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New Books Network Interview: Alice Sherman Simpson

An elegant woman in a red dress from the early 20th century stands against a backdrop of New York skyscrapers; cover of Alice Sherman Simpson's The Winthrop Agreement

The United States of America is full of people whose ancestors came from overseas. Some traveled under duress; others sought a better life. For a while, in the late nineteenth and twentieth centuries, people flooded in from Eastern Europe and the Russian Empire, seeking not only economic advantages but freedom from religious persecution. As discussed in my most recent New Books Network interview with Alice Sherman Simpson, one such young woman is Rivkah Milmanovich, from Lithuania, who travels across the Atlantic with high hopes that reality cannot quite fulfill.

Renamed Rivkah Milman, the new immigrant raises her daughter, Miriam, among the tenements and sweatshops of New York. Life is hard, yet like so many immigrants, Miriam manages to get an education and, with a little help from an unexpected quarter, lifts herself out of poverty. As Mimi, dress designer for New York high society, she just might fulfill her mother’s dreams after all. As for what constitutes The Winthrop Agreement, you’ll have to read the book to find out.

As always, the rest of this post comes from New Books in Historical Fiction.

Two lines of boxy buildings joined by clotheslines filled with linen of various sizes

Rivkah Milman is just one of the thousands of young women who fled their homes in Eastern Europe in the late nineteenth century, looking for better prospects in New York—where the streets, people said, would be paved with gold. In Rivkah’s case, she is sixteen and pregnant, sailing to join her husband, who doesn’t even bother to meet her at the docks.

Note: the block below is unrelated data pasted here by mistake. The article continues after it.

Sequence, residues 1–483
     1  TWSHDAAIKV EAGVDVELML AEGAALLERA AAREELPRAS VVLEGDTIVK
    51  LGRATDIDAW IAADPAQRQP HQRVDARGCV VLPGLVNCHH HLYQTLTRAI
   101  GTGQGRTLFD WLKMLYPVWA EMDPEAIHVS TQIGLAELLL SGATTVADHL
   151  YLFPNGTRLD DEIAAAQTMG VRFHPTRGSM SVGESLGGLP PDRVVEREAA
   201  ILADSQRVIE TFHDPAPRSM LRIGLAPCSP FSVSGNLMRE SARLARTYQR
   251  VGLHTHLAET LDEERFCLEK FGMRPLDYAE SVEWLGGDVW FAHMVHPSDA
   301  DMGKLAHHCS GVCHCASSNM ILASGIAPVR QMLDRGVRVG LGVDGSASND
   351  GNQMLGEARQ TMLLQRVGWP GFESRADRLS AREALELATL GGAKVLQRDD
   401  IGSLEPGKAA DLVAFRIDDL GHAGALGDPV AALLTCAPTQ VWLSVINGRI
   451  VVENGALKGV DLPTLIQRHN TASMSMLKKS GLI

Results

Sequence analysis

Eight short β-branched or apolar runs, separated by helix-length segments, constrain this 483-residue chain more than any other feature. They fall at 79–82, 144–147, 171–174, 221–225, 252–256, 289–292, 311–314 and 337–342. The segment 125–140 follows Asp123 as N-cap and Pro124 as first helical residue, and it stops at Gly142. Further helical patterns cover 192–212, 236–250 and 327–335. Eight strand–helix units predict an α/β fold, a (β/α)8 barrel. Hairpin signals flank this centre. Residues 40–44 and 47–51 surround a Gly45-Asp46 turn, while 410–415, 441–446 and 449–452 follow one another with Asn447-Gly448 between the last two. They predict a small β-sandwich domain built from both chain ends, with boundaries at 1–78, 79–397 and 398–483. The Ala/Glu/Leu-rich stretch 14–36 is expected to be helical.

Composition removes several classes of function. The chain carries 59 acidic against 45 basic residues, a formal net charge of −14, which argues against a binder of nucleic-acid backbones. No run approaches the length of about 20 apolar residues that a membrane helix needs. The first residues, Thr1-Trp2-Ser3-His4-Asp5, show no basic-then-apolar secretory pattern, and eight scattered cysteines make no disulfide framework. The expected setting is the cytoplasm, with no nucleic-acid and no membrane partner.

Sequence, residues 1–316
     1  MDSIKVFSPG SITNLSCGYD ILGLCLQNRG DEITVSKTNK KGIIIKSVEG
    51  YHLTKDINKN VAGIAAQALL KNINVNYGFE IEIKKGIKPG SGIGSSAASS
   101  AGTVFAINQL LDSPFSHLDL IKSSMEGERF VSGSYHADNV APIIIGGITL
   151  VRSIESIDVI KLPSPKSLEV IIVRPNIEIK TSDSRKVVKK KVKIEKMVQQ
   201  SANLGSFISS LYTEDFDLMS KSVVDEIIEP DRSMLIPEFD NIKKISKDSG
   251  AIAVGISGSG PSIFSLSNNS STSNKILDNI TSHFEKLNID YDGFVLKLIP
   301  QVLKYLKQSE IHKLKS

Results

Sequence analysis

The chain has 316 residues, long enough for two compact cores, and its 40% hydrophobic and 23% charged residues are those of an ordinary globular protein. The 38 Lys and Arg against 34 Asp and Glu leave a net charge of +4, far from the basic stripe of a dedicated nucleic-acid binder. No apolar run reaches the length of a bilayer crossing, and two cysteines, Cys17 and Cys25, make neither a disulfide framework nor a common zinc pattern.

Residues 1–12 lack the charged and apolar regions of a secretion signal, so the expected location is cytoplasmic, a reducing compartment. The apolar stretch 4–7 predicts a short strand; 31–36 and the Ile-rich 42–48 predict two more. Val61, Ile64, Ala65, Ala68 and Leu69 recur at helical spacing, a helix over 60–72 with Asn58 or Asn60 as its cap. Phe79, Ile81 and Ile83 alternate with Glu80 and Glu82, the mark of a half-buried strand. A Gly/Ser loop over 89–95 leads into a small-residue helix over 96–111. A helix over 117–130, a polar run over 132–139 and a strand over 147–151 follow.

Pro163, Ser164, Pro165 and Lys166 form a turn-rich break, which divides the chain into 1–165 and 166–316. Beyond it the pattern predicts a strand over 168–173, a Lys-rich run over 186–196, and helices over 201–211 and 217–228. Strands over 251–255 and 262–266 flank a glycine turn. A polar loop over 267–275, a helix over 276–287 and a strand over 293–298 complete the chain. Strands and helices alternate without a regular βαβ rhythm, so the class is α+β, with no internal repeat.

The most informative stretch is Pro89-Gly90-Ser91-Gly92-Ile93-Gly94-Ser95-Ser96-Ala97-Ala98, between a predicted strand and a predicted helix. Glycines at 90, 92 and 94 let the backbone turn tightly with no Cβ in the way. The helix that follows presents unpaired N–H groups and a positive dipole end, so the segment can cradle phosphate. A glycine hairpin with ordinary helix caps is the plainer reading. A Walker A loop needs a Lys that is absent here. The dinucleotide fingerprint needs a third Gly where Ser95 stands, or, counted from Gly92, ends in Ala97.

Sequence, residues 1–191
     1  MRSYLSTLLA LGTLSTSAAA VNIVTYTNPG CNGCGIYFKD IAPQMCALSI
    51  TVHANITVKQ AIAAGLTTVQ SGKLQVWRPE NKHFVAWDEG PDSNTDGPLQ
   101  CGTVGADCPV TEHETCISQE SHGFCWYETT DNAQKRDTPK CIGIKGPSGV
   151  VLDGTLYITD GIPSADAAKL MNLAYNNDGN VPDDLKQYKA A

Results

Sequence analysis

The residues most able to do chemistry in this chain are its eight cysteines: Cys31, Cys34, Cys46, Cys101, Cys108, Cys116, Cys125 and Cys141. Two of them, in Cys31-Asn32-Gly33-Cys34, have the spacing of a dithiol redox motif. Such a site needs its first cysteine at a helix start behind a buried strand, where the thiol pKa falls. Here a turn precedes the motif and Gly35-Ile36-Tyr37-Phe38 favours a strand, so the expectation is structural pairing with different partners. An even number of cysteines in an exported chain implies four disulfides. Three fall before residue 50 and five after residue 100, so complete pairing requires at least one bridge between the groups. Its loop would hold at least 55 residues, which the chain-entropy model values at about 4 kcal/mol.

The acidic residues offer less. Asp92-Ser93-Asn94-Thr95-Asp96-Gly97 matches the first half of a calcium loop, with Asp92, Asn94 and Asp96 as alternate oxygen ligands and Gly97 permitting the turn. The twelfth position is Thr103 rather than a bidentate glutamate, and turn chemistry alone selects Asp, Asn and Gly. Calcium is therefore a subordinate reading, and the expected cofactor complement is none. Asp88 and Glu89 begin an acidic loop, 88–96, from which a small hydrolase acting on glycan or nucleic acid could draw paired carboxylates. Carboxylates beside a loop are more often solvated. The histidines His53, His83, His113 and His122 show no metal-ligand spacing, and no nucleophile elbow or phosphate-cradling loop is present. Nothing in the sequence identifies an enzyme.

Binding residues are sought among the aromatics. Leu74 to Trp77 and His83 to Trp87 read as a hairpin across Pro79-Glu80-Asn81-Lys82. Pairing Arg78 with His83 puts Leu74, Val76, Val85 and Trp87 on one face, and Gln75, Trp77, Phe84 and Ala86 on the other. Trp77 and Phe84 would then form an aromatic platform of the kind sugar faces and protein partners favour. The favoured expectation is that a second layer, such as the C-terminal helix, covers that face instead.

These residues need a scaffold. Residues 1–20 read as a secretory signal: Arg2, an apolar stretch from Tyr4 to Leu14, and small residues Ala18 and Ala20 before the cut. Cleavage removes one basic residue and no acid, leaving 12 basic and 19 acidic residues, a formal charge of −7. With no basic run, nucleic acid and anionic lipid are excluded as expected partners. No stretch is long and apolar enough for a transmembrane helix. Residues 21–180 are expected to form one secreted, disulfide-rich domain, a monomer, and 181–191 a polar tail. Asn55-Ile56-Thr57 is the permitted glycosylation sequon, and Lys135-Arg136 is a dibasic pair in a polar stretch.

Rivkah struggles, raising her daughter in a tenement and keeping that shoddy roof over their heads through endless hours of sewing piecework for a sweatshop. But tough as Rivkah’s life is, this is really the story of her daughter, Miriam, who through a colossal but familiar misjudgment falls under the spell of Frederick Winthrop, a rich and immoral playboy who seeks out underage girls. But with help from a family friend, Mimi succeeds in separating herself from her difficult childhood in pursuit of a better life.

Miriam, who adopts the name Mimi to signal her break with the past, has always longed to become not just a seamstress but an haute couture designer. And with skill and determination, she makes progress. But the closer she comes to achieving her goals, the more contact she has with the wealthy Winthrop family. Alice Sherman Simpson keeps us on the edge of our seats as we wait to find out how these competing priorities will work themselves out.

Image: New York City tenements, ca. 1900, public domain via the US Library of Congress and Wikimedia Commons.

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